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that it would afford a secure lodgement, whence expeditions could be sent to every part of our coast. But it is to be observed that no part of Narraganset bay is necessary for the safety of a hostile fleet watching that part of our coast. Gardiner's bay in that vicinity is a most safe and convenient station, which was occupied by the British during almost the whole of the late war, and it is pretty clear that it cannot be defended by any stationary fortifications that can be constructed. If it can by floating batteries, so may Narraganset bay, and the enemy thus prevented from occupying the latter also without these extensive arrangements, requiring, after Fort Adams shall have been completed at an expense of one million three hundred and twelve thousand dollars, four other forts and a sea-wall to be constructed, and eleven hundred and fifty-seven thousand dollars to be expended.
I do not think that the most prudent forecast ought to lead to the apprehension that a force competent to seize such a position would be sent to our country, or that any circumstances could enable them to maintain it in the face of the vigorous efforts that would be made to recover it, and in the midst of a country abounding in all the means to give effect to their exertions. But perhaps the most striking objection to the completion of this extensive plan is, that under no possible circumstance can it effect the desired object. That object, if I understand it, is not the mere exclusion of an enemy from Rhode Island, but it is to prevent him from taking possession of a safe and convenient position, whence he could detach his forces by means of his naval superiority to any other part of the coast which would thus be exposed to his depredations.
The value of Gardiner's bay as a place of naval rendezvous I have already described. Block island, in its neighborhood, could be occupied by troops desiring only a lodgement, and so could Nantucket island and Martha's Vineyard, and these are only a few hours' sail from Narraganset bay. Buzzard's bay is also a safe and capacious harbor which cannot be defended, and Martha's Vineyard sound affords commodious places of anchorage. A fleet riding in these moorings would have under its command all the islands in this group, and could secure its communications with its land forces encamped upon them, which would thus be enabled, at any proper time, to throw itself upon other parts of the coast. It may be doubted, if there were not a cannon mounted upon Rhode Island, whether an enemy acquainted with the topography and resources of this country would select it as his place of arms, if I may so term it, when there are islands in the neighborhood which would answer this purpose nearly as well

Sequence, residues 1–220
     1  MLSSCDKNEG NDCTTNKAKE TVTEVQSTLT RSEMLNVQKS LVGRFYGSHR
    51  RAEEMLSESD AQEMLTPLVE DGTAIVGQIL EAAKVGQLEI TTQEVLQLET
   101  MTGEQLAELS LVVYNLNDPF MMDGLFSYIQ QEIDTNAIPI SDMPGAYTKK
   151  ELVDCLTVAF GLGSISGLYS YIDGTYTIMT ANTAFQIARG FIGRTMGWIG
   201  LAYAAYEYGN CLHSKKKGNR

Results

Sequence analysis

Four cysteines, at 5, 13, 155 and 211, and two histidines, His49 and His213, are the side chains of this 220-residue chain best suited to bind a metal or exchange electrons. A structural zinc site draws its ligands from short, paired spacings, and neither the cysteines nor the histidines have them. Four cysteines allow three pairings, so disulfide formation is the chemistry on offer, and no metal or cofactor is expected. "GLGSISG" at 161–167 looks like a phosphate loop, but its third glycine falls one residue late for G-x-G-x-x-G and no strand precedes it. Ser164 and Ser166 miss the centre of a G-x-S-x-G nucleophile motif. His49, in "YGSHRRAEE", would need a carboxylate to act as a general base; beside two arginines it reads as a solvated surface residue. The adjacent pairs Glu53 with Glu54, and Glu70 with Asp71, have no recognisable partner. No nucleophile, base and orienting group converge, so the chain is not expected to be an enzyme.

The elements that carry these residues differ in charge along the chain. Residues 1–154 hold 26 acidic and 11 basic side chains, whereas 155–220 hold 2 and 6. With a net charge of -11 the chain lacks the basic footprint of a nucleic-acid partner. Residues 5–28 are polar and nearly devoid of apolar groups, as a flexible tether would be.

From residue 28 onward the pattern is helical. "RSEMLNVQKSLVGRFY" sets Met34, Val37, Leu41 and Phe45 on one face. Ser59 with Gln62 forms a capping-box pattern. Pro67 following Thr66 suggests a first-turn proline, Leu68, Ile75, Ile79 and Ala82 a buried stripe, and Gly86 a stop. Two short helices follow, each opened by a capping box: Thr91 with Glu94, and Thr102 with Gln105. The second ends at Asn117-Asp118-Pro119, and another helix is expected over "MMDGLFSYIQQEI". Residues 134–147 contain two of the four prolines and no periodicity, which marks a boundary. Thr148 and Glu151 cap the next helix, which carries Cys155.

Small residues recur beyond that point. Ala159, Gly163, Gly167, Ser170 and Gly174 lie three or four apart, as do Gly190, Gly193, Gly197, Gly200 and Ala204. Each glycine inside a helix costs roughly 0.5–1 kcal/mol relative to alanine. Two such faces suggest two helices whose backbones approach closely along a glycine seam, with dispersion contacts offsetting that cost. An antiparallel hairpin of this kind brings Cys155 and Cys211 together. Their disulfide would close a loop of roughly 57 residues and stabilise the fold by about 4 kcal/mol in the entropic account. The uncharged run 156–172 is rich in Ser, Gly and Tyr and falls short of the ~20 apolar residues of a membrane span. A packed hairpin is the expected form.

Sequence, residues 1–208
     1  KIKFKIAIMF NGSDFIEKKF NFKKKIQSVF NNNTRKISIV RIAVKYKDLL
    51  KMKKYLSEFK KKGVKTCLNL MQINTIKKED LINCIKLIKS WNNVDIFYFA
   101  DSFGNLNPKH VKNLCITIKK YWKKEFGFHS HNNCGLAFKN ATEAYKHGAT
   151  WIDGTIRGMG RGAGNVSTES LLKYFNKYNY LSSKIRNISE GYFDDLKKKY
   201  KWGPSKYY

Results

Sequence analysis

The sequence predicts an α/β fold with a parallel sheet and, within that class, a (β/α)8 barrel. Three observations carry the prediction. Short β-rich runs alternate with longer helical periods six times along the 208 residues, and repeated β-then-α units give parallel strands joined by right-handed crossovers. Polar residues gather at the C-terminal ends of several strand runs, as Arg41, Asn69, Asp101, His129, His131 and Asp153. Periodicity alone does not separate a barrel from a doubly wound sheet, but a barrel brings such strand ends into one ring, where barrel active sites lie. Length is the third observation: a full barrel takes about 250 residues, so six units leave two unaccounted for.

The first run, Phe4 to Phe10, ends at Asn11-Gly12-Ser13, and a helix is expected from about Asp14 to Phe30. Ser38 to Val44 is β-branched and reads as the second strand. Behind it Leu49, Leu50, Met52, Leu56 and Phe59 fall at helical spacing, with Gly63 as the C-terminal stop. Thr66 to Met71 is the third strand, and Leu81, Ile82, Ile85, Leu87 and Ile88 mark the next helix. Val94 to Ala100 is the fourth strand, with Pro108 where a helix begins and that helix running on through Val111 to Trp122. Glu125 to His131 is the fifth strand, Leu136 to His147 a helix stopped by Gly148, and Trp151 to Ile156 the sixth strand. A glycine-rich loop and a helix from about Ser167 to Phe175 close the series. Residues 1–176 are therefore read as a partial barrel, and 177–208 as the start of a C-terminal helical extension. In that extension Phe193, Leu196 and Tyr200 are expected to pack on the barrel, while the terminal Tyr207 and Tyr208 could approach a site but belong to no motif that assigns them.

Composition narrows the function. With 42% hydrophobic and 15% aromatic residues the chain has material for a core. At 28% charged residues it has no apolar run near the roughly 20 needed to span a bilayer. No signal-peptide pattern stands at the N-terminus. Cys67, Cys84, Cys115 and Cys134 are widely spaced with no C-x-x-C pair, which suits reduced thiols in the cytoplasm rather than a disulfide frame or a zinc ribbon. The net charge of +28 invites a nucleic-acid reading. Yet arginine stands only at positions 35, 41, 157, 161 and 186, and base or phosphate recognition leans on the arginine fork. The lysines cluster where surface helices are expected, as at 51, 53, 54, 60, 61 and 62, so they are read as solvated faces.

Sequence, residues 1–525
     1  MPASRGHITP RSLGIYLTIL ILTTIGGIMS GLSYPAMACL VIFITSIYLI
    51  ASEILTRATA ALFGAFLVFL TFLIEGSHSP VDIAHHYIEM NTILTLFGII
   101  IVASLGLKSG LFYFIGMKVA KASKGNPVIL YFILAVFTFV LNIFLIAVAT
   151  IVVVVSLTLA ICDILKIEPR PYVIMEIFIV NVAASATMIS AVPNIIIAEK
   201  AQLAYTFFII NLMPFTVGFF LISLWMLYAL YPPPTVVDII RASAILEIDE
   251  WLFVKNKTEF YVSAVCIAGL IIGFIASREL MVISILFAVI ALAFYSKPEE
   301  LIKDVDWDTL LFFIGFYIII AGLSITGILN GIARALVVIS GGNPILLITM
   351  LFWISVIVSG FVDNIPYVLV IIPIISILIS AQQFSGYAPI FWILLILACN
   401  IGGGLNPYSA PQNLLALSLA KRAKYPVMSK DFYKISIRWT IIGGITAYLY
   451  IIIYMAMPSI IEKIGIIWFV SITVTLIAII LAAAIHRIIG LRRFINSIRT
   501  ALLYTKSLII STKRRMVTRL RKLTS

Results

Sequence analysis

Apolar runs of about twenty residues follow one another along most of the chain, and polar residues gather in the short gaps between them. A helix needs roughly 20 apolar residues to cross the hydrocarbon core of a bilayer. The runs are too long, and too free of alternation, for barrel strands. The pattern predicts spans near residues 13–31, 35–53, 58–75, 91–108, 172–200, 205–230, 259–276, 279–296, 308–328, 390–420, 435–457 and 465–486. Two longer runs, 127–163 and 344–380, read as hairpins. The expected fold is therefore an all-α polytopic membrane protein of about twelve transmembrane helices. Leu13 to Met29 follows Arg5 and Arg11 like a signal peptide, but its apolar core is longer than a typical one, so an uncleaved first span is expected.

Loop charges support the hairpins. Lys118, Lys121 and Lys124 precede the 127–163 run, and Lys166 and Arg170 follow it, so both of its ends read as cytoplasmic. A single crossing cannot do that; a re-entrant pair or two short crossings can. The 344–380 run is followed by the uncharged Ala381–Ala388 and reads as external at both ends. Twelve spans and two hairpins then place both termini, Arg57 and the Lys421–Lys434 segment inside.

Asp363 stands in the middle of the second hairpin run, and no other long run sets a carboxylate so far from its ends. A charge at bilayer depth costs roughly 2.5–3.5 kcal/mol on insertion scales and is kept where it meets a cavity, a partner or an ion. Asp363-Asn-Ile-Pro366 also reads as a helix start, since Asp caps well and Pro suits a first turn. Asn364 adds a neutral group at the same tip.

, and where he would be in perfect safety as long as he could maintain his naval ascendency; and longer than that he could not, under any circumstances, occupy Rhode Island. And if I rightly appreciate the strength and spirit of that part of the country, his tenure, in any event, would be short and difficult. I do not mean to convey the idea that Rhode Island should not be defended. I think it should be; but I do not think that precautions should be taken against events which are not likely to happen. As there is no naval establishment here, it is not necessary to enter into any question concerning defensive arrangements exclusively connected with that object.
It will be perceived also that it is proposed to fortify Mount Desert island, on the coast of Maine, and that the expense is estimated at five hundred thousand dollars, and the number of the garrison competent to maintain it at one thousand men. This proposition is founded, not on the value of this harbor to us, for it possesses little, and is, in effect, unoccupied, but on account of its importance to the enemy. Were there no other secure position they could occupy in that quarter, and which could not be defended, I should think the views submitted upon this branch of the subject entitled to great weight. But there are many indentations upon this coast, affording safe anchorage, and which are either not capable of being defended, or from their great number would involve an enormous expense, which, no sound views of the subject could justify. An
enemy, therefore, cannot be deprived of the means of stationing himself upon this coast. And before this expenditure at Mount Desert island is encountered, it ought to be clearly ascertained that the difference, in its practical advantages to an enemy, between the occupation of Mount Desert island and that of some of the other roadsteads in this quarter, incapable of defence, would be sufficiently great to warrant this measure. My present impression is that it would not.